PM mum on whether ties with Turkey are on the mend

It is unlikely that any closure of the incident will come before Turkel Commission’s results are published.

December 7, 2010 01:56
2 minute read.
Erdogan flag

Erdogan flag 311. (photo credit: Associated Press)

While Turkey’s decision to send two planes to assist in fighting the Mount Carmel fire has provided an opening for an improvement in Israeli-Turkish ties, Prime Minister Binyamin Netanyahu would not give a status report Monday night on the current nature of the relationship.

Asked at a Jerusalem press conference about what was happening with the ties – amid reports that Israeli and Turkish officials were meeting in Geneva to come up with a formula that would put the Mavi Marmara incident in the past and lead to a return of Turkey’s envoy to Israel – Netanyahu said he would not talk about it at this time.

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The prime minister also ignored a question about whether he would apologize – as the Turks are demanding – for the flotilla incident in which nine Turks were killed trying to break Israel’s sea blockade of the Gaza Strip. Turkey is also demanding compensation payments for those injured in the incident, as well as to the families of the dead.

“Let’s say we are very appreciative of the fact that the Turkish government sent two planes at a time when we needed them,” Netanyahu said. “We greatly appreciate that. I think that is very important, and I expressed that appreciation, as well as my hope that this will enable us to move forward in an improvement of ties. Beyond that, I have nothing to say.”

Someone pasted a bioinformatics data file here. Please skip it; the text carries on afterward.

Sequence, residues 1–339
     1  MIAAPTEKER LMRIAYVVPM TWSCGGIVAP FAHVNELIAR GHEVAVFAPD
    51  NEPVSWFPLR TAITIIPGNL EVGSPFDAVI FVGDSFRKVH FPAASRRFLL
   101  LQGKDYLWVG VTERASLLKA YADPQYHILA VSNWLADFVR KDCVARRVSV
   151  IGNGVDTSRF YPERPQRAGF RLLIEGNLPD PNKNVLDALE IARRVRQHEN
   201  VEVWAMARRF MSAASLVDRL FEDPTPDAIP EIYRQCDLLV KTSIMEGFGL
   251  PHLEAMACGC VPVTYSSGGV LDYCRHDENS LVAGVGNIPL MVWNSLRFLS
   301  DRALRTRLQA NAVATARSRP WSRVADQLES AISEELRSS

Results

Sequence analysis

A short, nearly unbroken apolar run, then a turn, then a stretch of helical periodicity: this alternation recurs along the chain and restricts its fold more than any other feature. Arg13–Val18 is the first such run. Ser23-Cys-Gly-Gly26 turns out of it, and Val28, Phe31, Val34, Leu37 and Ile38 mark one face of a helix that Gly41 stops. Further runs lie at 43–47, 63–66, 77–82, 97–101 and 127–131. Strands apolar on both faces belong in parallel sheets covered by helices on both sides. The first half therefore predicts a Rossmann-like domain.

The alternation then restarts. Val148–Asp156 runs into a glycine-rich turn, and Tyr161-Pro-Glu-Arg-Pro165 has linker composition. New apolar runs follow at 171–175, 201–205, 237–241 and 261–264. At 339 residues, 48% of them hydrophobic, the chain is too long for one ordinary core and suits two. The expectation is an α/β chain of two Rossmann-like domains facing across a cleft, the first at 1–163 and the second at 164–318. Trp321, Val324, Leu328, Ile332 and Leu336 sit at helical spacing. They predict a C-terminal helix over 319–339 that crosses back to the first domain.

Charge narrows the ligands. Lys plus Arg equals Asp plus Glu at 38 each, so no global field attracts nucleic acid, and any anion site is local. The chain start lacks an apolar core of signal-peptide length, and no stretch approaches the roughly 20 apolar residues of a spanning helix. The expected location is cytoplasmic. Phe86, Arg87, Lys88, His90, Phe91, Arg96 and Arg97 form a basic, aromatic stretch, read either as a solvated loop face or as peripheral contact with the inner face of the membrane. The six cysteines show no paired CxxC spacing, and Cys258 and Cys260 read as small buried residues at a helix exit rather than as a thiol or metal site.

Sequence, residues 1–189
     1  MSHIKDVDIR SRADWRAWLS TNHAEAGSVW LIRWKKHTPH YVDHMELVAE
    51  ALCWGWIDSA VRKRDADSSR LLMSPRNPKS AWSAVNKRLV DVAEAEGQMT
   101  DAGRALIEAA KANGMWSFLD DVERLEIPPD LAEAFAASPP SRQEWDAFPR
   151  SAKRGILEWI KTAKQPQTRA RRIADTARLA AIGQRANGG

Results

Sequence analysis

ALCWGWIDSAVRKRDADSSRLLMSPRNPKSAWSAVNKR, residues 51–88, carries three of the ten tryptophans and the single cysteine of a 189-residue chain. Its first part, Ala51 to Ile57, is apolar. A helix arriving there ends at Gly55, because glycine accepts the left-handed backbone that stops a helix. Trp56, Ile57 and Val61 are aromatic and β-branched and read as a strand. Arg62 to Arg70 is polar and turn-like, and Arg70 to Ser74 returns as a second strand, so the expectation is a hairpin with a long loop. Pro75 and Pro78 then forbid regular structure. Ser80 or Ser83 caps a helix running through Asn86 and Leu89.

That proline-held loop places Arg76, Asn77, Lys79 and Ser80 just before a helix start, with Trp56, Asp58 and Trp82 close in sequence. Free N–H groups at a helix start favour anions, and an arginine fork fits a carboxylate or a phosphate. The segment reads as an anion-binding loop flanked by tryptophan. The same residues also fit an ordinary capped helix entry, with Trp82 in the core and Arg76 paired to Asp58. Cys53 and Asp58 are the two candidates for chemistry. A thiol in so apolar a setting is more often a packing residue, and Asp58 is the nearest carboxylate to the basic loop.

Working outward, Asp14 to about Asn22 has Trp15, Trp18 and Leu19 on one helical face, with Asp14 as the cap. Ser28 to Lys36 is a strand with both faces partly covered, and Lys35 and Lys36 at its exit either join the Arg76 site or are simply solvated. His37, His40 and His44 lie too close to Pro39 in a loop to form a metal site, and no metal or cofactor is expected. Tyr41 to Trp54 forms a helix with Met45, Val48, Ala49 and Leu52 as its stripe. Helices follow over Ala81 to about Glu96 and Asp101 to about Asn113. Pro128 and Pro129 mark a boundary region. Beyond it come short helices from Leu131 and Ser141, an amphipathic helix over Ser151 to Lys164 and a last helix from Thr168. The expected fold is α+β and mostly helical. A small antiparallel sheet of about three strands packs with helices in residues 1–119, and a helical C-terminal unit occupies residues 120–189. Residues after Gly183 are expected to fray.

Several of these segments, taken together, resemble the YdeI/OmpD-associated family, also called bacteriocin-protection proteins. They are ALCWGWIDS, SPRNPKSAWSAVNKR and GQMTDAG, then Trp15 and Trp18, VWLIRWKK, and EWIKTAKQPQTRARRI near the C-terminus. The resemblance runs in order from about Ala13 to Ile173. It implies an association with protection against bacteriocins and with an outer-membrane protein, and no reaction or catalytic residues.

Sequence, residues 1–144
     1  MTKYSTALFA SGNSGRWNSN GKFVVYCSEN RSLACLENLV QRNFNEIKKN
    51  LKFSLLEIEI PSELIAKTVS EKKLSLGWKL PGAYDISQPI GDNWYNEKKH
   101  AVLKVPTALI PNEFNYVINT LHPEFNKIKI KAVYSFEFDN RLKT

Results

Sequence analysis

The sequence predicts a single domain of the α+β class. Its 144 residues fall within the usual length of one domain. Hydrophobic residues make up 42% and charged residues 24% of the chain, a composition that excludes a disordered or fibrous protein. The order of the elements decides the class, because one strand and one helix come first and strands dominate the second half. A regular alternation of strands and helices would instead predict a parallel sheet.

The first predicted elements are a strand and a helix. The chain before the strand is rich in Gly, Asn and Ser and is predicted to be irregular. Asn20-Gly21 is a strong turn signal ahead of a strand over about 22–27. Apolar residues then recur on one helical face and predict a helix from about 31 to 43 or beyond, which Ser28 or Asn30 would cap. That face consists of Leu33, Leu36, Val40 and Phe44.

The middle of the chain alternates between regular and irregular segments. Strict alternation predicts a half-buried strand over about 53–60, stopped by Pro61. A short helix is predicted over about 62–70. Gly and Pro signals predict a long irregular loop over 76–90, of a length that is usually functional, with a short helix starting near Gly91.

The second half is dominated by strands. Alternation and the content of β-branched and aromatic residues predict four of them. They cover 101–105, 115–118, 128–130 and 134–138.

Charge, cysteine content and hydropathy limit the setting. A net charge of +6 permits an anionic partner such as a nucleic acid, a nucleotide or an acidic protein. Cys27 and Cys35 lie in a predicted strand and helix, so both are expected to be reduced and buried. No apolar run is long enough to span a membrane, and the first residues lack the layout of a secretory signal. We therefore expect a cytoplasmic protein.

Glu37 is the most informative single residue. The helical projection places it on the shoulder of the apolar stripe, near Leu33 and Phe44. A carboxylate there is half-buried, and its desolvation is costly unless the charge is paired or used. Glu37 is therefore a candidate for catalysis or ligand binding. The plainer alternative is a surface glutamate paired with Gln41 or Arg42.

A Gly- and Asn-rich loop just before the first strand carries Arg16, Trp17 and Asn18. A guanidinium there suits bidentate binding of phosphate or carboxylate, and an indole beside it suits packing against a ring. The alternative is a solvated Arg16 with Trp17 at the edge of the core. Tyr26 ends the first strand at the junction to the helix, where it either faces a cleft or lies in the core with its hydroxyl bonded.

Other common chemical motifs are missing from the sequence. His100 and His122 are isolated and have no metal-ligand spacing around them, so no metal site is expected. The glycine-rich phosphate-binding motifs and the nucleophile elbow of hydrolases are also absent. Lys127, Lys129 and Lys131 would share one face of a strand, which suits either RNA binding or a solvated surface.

Turkish Prime Minister Recep Tayyip Erdogan has said since Ankara sent the planes that he still demands an apology from Israel for the flotilla incident.

Netanyahu, before the Carmel fire, said in private conversations that it was the Turks who should apologize for the incident.

Amid reports that some kind of formula was being worked out, it was noted in Jerusalem Monday that the Turkel Commission investigating the incident still needed to issue its report. That would then be passed on to the United Nations, which is working on a report of its own.

It is unlikely that any closure of the incident will come before the commission’s results are published, and there is also some expectation that in the final analysis, both sides would agree to a statement that the UN committee – made up of both an Israeli and a Turkish representative – would produce.

Yosef Ciechanover, the Israeli representative on the UN panel, was reportedly sent by Netanyahu to meet a senior Turkish diplomat, Feridun Sinirlioglu, in Geneva on Sunday in an effort to defuse the tensions.

Israeli officials were not commenting on that meeting on Monday.

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